Passengers locked out and deprived of coffee in fresh Caledonian Sleeper woes

View of the new sleeper train. Picture: Jeff Holmes/Shutterstock
View of the new sleeper train. Picture: Jeff Holmes/Shutterstock
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Long-suffering passengers on Caledonian Sleeper’s new fleet have encountered yet more problems – being locked out of their rooms and coffee not being available in the morning.

The latest glitches follow a catalogue of faults and setbacks which have plagued the £150 million trains since they were introduced between Edinburgh, Glasgow and London in April.

Their launch on three routes to the Highlands on Thursday was accompanied by passengers complaining of toilet problems and lack of hot food.

Regular travellers said they had loved the previous service, but were surprised and annoyed to keep finding new things going wrong.

Sara Dorman, who travels weekly between Edinburgh and London, said: “The sleeper used to be the most reliable – you pitched up and you arrived.”

However, she has suffered everything from late boarding to lack of water, booking mix-ups and air conditioning problems.

The Edinburgh University academic said: “It’s striking how often there are new things, like the room keycards not working.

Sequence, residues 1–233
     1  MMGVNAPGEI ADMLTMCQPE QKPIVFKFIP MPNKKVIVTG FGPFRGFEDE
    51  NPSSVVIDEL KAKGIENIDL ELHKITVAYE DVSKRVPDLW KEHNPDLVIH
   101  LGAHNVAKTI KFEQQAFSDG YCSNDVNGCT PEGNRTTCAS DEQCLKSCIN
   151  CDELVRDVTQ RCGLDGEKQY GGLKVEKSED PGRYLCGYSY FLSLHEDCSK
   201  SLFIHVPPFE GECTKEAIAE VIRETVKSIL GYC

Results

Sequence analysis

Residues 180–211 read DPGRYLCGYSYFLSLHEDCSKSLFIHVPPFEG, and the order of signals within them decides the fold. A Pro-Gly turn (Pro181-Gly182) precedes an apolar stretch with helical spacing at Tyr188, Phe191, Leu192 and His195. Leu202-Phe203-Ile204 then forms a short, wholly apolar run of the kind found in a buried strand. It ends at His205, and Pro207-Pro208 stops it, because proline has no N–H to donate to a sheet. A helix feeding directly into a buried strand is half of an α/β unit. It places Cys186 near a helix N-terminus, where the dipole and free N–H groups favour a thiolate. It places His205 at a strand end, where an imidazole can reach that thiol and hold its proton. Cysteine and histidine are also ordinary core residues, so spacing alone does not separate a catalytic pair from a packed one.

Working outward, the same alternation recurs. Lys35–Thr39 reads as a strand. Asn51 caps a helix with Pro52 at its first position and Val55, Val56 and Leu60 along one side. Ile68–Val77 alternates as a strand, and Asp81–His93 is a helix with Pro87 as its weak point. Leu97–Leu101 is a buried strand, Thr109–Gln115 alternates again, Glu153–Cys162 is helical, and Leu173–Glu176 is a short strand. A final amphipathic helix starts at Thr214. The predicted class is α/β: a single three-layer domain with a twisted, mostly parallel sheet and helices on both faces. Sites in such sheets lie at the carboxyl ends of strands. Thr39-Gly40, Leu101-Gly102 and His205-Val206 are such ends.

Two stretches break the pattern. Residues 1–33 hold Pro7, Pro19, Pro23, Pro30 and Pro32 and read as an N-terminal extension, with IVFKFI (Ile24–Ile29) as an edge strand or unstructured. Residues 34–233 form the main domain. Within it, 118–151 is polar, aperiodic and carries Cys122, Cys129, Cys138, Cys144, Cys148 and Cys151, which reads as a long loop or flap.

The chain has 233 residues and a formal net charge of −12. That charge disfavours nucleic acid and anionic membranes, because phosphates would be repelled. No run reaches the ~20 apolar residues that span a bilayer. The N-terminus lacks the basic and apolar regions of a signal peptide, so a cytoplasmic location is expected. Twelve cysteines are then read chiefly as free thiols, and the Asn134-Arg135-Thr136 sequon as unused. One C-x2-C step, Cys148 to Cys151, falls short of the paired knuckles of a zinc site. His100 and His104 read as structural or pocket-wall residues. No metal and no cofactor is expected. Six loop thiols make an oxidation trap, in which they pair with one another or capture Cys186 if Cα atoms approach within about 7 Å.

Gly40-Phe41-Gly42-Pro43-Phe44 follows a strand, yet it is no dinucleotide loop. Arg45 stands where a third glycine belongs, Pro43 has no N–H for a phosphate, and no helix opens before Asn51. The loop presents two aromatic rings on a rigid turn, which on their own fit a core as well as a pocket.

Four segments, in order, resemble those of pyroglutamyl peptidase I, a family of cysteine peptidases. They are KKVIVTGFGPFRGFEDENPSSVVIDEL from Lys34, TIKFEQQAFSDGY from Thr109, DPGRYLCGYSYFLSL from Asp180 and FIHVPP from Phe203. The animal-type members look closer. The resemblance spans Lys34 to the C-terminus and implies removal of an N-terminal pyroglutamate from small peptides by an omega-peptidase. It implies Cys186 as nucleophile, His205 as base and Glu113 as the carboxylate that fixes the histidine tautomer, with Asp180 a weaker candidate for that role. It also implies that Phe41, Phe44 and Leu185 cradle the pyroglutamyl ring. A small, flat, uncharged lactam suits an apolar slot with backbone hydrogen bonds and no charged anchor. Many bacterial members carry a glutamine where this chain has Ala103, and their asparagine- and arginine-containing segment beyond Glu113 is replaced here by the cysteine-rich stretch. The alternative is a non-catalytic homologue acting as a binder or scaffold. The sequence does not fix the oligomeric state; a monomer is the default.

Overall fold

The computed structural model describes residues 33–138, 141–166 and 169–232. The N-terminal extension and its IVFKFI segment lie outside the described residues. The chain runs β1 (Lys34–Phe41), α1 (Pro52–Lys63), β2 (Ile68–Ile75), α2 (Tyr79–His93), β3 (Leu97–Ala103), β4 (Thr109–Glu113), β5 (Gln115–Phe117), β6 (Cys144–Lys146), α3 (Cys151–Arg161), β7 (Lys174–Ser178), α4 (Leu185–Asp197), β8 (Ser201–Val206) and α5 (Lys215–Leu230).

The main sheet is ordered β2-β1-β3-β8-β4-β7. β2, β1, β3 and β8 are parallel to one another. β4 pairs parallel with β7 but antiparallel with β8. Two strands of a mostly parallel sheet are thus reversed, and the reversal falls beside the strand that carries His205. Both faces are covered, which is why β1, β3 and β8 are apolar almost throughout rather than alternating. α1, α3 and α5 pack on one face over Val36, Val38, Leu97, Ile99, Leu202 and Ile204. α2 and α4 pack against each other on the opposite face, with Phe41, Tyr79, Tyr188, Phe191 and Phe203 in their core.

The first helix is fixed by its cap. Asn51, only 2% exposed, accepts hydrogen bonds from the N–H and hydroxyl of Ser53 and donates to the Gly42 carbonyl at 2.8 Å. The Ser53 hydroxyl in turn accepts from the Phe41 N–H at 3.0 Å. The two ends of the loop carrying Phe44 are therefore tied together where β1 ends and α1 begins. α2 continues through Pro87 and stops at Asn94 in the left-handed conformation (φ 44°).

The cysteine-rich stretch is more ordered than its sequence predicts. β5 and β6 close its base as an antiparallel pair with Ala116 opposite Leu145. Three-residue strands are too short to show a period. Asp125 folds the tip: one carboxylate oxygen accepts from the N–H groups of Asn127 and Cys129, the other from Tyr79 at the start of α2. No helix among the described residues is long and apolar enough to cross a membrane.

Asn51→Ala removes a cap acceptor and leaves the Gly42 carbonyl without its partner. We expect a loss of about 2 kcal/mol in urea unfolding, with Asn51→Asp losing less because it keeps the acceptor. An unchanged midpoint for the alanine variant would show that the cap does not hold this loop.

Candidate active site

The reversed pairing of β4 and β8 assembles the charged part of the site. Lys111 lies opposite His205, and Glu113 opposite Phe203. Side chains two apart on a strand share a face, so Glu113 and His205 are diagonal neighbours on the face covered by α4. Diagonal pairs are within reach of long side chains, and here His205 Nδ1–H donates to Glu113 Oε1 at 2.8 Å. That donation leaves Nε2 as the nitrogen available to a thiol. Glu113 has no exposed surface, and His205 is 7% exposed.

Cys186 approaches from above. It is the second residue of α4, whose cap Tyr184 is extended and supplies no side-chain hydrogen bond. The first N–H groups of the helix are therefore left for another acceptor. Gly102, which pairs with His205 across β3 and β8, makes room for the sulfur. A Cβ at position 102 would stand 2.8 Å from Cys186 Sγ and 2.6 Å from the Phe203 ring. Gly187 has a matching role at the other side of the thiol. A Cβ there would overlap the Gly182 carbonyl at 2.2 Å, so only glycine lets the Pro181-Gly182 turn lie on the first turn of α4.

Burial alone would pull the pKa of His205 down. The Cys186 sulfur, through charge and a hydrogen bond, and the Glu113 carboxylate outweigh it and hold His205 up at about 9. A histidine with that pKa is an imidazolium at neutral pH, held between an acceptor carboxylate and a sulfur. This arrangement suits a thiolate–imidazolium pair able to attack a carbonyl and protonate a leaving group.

“The train was late for boarding and we then had to wait for staff to let us into our rooms. It affected everyone in my carriage.

“For at least the last two months, the service has been short staffed, and you cannot have breakfast in the lounge.

“But what’s really bugging me is there’s no coffee in the morning. I was told the boilers in the carriage are defective. It has happened to me twice.

“I was astonished something so simple was not manageable on supposedly state of the art equipment.

“The tickets are not cheap and it would be nice to get the basics you pay for.

“It’s all very frustrating. If there were only isolated things it would not be a problem, but it’s one thing after another that has not been sorted.”

But she added: “The staff are still lovely. It can be such a great service and I hope it can get working better.”

Rupert Soames, chief executive of Sleeper operator Serco, acknowledged the new trains’ difficult start by tweeting last week: “It’s been a long haul and thank you to our loyal customers and staff who have borne with us through numerous bumps along the way.”

Scotland on Sunday understands many of the problems relate to the trains’ sophisticated software and wrong “button pushing”.

Serco said there had previously been key card problems shortly after the fleet was launched.

Guest experience director Graham Kelly said: “We apologise to the small number of guests who experienced a problem with their room keys on Monday evening on the Edinburgh to London service.

“This was a result of human error in programming the keys for that evening.

“The new key system has been working well to date, well-received by guests and a significant service enhancement.”